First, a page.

I'm standing in Peter Drucker's long shadow here, so everything I say will be derivative and incomplete. But hey, half formed is better than no-formed, yes? Like a cake that is missing sugar and eggs, or a car without a gas tank, or any other bad analogy I could come up with if I was being paid by the hour to write this blog.
Once a firm is established by a group of people it is invested with a sense of reality that can be remarkably effective at fooling everybody--including legal systems. Since we live in an age of easily retrievable data, the symbol of a firm can persist indefinitely. The Atari trademark is still a real thing. I would not doubt that some lawyer is working hard on some idiotic brief about the matter. Someday, some other lawyer will be doing the same things for the Apple logo: "From now on all fruit, unbitten or not, shall belong to Base R...all hail Jobs, all hail Jobs"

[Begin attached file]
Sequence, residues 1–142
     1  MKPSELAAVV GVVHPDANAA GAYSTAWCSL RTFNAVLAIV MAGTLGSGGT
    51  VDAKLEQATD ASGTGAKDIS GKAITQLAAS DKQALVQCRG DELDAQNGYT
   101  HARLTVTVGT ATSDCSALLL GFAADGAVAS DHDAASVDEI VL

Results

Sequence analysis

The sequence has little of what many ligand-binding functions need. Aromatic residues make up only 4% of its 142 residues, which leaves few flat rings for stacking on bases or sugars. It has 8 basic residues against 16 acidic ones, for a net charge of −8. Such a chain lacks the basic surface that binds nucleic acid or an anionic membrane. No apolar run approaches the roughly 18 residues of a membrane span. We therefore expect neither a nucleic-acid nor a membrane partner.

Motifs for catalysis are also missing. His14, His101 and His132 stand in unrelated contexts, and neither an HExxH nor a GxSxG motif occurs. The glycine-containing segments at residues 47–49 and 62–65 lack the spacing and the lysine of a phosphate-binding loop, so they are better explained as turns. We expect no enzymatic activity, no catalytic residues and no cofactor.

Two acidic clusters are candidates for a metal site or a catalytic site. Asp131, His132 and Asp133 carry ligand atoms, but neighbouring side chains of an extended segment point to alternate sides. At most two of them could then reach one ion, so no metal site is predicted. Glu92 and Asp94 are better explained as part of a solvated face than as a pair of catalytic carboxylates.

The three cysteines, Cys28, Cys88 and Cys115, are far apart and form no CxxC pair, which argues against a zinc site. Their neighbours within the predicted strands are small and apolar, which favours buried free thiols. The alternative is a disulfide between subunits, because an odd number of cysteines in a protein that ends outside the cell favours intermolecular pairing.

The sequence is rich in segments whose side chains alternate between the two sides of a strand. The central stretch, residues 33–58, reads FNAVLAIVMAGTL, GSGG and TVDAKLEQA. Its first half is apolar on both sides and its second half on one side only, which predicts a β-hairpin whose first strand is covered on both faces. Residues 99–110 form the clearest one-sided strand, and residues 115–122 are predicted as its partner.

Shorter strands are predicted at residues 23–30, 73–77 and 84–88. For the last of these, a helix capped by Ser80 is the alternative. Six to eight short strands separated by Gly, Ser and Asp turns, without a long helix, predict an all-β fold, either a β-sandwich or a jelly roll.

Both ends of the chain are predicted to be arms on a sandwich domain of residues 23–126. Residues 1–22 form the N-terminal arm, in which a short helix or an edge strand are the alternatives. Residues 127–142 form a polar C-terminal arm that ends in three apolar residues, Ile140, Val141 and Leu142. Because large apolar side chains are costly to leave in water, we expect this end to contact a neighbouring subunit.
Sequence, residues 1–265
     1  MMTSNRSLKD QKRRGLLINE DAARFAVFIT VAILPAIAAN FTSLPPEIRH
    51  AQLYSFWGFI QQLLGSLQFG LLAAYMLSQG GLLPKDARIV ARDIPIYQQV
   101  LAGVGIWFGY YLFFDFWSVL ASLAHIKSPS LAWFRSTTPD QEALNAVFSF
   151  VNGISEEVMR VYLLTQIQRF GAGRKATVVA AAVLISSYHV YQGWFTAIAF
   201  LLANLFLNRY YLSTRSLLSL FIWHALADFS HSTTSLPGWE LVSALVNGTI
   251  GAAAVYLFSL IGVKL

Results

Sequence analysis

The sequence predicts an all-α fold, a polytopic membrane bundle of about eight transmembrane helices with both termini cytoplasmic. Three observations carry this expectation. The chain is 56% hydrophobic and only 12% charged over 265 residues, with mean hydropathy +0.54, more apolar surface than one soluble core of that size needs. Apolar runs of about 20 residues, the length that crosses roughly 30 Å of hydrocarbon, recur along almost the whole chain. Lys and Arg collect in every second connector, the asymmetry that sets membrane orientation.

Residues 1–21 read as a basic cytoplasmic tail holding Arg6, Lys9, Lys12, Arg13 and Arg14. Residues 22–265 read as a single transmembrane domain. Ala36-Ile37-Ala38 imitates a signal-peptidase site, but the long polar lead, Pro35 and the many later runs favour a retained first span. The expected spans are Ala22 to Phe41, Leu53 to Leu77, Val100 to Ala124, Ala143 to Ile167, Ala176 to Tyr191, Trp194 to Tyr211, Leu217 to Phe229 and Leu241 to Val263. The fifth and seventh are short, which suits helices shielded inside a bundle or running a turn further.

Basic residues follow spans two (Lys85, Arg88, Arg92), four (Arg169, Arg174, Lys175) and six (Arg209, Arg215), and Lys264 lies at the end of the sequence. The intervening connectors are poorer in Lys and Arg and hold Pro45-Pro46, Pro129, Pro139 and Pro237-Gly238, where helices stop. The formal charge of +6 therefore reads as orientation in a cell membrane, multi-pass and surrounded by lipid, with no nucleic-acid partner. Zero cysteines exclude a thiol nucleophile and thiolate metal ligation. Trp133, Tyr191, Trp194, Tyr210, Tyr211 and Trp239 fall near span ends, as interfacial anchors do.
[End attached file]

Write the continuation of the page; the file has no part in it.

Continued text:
The slow, hidden death of a firm can occasionally inoculate people against reality. But this is a good thing, because if a person invested in the idea of the firm maintains that sense of commitment, then the firm can persist. One good client can come along and change the course of things. One bad check, on the other hand, doesn't spell doom. The firm exists as long as at least one person shows up.